Hbase was great, but it had one major limitation. In order for us to achieve the speeds we needed, we had to be careful about formulating Hbase keys and were not able to put as much metadata into those keys as we needed. This made analysis of meta data extremely limited. To enhance this capability in OpenSOC, we brought in Elastic Search to serve as a secondary index around our Hbase keys and started using it as a general metadata repository and even as an alerts repository. With some tuning from Elastic Search, their tool met our functional requirements and we integrated it into OpenSOC.
The final hurdle to overcome was around getting non-packet telemetry into our system. Examples of these telemetries would be syslog, machine exhaust data, network appliance alerts, etc. For this we brought in Flume. Flume has a large set of sources (adapters) that can pull the telemetries we need and push them into Kafka, after which our stream processor takes over. Flume is also extremely extensible and it will nicely grow with us as our use case evolves. It was the last piece to our architecture and with that in place we were ready to go to into beta.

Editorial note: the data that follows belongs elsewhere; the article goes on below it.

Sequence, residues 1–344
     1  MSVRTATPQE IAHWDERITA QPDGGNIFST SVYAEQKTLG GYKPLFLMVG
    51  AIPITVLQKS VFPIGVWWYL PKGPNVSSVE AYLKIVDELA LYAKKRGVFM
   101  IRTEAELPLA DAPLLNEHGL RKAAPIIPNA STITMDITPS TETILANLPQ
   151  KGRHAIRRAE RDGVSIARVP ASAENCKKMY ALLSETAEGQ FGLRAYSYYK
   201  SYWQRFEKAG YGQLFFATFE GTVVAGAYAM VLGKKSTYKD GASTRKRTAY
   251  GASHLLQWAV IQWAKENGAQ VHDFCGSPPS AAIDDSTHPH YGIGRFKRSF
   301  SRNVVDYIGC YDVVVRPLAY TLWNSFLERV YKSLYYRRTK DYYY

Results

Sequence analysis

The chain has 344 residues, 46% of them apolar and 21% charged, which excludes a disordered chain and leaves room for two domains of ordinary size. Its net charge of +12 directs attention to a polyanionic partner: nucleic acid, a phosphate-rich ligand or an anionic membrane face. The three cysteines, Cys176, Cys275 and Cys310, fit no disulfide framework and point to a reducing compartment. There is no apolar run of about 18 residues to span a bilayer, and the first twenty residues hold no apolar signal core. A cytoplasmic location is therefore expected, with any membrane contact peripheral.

When we fielded our first cluster and started to get users and user input about the system, it became apparent that streaming use case, although primary, is not the only use case for OpenSOC. Security analysts want to have the ability to run summary reports over large data lakes and that requires batch processing. The logical choice to meet this requirement was to bring in Hive. Hive allowed us to run SQL-like queries in batch over data we had in Hadoop. We additionally realized that security analysts are not the only audience. Data scientists are after the same data. Data scientists have an established set of tools they like to use with data in HDFS and a lot of these tools can interface with ODBC/JDBC connectors. Hive had such connectors available, which enabled our data science tools to pull data directly from our data lake. With that addition, OpenSOC 0.1 was born.
We presented our platform architecture at Hadoop Summit in San Jose last year and have received extremely positive responses and many imitations since. We have continued evolving and enhancing OpenSOC and have introduced numerous new features in recent months. We are currently on our fifth point release and are working hard on the sixth.
The OpenSOC platform was rather challenging to design and mature. The team had to navigate through an ever-changing landscape of big data technologies, drive capabilities within these technologies through partnering, and work with the open source community to test them and open them for public consumption. Some of the more notable of these components are Flume plugin for Kafka, the Kafka Spout for Storm, HDFS, HBase, and Elastic Search Bolt for Storm, and a lot of tooling around operationalizing and delivering Hadoop as an on-premises appliance.
As we are continuing to innovate we are looking for developers from outside of Cisco to contribute to the platform. OpenSOC is intended to be a true community-managed effort. Please check out http://opensoc.github.io/ for more information on OpenSOC and how you can contribute to its future development.